Land O’Lakes + Microsoft
Land O’Lakes and Microsoft are collaborating on software that will enable farmers to estimate, develop, and sell carbon removal credits.
The only blockchain that has announced commitments to carbon neutrality. ClimateTrade, a leader in CO2 emissions transparency and traceability, will be using Algorand as its primary infrastructure layer and leveraging its capabilities for carbon offsetting.
Siemens Haru Oni e-fuels plant
Supplier and system integrator of wind energy through electrolysis to production of fuel
About the Index
Market catalysts can take many shapes and forms — from individual “thought leaders” to non-profit advocacy organizations and industry associations to more commercial service providers, project developers, and more. These actors both help stitch together a critical supportive infrastructure and bring a level of vision, passion, and missionary zeal that a new space needs to survive and thrive.
The Catalyst Index is designed to help market participants of all types better understand and access the services, expertise, resources, and support that the growing number of enabling organizations in and around the Circular Carbon sector offer. We report here on over 100 organizations that play a significant role in supporting the growth of the sector. All the data in the Catalyst Index is derived from our research team’s review of publicly available information as well as user submitted data. We know that our Index just represents the tip of the iceberg of this growing ecosystem and welcome nominations and suggested updates to the Index.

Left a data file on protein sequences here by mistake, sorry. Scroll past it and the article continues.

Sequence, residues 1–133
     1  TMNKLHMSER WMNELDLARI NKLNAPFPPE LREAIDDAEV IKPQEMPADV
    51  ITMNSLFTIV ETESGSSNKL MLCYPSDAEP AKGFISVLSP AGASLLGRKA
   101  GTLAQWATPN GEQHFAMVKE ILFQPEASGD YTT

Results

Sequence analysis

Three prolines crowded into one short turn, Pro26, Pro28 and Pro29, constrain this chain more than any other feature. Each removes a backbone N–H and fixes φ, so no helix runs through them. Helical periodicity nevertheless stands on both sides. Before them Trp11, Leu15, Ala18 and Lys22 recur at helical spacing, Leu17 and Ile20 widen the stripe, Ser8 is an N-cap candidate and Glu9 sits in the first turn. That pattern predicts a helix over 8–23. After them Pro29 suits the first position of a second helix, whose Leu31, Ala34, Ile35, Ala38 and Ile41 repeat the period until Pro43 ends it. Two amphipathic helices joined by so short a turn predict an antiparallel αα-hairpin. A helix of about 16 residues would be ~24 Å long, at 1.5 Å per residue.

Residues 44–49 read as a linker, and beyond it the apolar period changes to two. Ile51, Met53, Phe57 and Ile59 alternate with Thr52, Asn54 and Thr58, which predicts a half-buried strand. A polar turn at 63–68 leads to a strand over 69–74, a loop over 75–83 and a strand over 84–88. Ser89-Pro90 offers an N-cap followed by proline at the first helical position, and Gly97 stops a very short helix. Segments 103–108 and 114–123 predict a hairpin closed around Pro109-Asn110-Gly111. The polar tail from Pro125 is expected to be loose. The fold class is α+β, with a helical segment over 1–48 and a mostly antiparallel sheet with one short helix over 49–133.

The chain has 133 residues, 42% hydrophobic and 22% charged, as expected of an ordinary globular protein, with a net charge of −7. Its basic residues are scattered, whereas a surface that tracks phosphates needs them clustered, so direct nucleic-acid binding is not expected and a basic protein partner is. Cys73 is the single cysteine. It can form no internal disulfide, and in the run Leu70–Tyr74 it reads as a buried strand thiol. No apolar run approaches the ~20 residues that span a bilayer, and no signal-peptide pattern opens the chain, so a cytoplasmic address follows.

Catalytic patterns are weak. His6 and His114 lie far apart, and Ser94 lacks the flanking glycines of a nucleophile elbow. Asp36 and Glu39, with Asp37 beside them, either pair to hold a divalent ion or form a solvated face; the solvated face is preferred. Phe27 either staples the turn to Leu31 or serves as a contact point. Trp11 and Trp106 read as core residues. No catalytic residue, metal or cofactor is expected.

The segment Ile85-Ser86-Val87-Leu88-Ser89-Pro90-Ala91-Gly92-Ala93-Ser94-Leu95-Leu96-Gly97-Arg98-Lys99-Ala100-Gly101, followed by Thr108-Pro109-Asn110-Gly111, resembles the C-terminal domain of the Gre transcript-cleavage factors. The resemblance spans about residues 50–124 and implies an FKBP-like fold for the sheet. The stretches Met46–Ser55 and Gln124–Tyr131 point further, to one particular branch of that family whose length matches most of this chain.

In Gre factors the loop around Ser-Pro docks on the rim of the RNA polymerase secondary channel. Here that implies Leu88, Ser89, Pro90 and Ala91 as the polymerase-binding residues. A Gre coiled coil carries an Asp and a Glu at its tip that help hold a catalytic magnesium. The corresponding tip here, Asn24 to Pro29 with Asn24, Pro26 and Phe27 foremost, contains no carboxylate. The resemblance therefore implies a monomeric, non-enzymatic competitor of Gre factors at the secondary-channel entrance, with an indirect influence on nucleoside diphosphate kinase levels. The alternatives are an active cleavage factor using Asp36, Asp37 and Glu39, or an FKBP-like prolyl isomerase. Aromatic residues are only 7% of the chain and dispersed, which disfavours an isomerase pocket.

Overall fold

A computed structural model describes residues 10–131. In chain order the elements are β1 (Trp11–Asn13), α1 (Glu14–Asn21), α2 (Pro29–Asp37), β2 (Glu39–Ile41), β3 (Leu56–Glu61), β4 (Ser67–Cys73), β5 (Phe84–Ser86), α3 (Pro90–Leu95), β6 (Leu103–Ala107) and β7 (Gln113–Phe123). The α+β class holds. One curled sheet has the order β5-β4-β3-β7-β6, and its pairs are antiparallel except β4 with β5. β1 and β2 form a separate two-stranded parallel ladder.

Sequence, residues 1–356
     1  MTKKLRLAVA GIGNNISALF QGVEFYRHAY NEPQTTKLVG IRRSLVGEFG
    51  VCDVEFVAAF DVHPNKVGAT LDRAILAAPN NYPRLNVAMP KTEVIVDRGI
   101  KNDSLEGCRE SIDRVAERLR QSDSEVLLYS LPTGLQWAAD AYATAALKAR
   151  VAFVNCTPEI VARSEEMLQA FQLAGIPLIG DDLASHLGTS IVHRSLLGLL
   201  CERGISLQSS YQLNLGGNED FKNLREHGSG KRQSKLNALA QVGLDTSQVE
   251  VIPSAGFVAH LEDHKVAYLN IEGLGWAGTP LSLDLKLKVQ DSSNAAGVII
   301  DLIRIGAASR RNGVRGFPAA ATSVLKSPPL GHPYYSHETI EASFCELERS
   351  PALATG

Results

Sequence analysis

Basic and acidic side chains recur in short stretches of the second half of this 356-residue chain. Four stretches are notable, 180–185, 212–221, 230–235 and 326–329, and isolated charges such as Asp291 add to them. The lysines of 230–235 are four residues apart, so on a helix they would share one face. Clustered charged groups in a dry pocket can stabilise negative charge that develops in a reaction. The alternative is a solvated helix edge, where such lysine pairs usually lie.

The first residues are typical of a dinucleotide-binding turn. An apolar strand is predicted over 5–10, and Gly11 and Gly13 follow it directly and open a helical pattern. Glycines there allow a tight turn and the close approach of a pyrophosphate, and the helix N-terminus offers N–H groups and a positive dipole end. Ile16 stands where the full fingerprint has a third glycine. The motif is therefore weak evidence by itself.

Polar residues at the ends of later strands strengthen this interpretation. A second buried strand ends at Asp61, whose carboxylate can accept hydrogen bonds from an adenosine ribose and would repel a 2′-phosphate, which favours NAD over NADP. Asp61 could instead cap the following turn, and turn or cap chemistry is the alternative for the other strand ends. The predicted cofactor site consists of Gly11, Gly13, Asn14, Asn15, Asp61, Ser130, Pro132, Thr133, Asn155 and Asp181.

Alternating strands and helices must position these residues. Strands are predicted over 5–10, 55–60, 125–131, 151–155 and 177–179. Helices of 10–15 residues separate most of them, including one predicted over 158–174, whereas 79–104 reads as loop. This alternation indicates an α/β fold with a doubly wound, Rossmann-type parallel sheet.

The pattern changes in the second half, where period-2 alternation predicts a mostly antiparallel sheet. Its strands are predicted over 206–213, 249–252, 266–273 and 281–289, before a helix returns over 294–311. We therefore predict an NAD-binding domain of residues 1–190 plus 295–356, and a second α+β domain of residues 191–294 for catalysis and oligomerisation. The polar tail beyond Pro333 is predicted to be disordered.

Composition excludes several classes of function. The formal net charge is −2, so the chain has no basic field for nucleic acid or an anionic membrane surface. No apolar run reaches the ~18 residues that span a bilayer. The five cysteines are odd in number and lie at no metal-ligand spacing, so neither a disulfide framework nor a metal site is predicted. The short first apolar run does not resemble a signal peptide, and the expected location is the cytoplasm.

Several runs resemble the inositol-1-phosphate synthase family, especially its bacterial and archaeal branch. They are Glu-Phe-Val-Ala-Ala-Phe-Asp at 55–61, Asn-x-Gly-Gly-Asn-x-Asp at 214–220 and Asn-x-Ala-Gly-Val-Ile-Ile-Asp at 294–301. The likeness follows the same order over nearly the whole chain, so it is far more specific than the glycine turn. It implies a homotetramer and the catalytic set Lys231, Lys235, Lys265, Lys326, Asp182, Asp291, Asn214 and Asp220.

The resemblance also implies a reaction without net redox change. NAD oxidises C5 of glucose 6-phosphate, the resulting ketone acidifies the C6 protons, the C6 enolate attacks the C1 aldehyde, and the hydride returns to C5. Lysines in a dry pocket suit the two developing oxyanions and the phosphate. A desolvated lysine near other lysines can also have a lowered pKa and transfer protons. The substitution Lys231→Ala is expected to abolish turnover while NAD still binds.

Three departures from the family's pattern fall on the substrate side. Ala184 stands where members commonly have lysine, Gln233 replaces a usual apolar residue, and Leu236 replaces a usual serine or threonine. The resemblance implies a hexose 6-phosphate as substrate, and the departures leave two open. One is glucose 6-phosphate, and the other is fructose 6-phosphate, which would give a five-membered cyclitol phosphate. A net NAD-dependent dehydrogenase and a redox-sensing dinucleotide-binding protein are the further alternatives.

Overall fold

That became our objective: to try and begin and evolve new things – technologies, policies, partnerships, projects – in the CDR world that might not happen without us.
Catalyst Index Overview
Growing Diversity in Catalyst Org Types
We are seeing a more even distribution of support organization types in the Catalyst Index than last year – a sign of the growing richness of the ecosystem. Conveners and Platforms are the most common organization type this year, versus last year’s leader NGOs. Service providers are the second highest, perhaps evidence of the growing business opportunity in servicing the Circular Carbon economy. There is also growth in Accelerators and Think Tanks.
Representative Organizational Descriptions
Negative Emissions Platform
The Negative Emissions Platform is a Brussels-based partnership to improve the political and public recognition of carbon removal technologies and solutions. We represent technology developers, providers and sponsors, research centers, academia, think-tanks and the civil society. Our main focus is on engineered and hybrid approaches with a potential for permanent removal of CO2. We also actively promote the use of atmospheric CO₂ in e-fuels, materials and chemicals as a way of closing the carbon cycle, while delivering the economies of scale and cost reductions for atmospheric capture technologies.
The Cleantech Open runs the world’s largest cleantech accelerator. Our mission is to find, fund and foster entrepreneurs with big ideas that address today’s most urgent energy, environmental and economic challenges. We provide the infrastructure, expertise and strategic relationships that turn clever ideas into successful global cleantech companies. Fueled by a global network of more than 1,000 volunteers and sponsors, the Cleantech Open unites the public and private sectors in a shared vision for making the cleantech sectors a thriving economic engine around the world.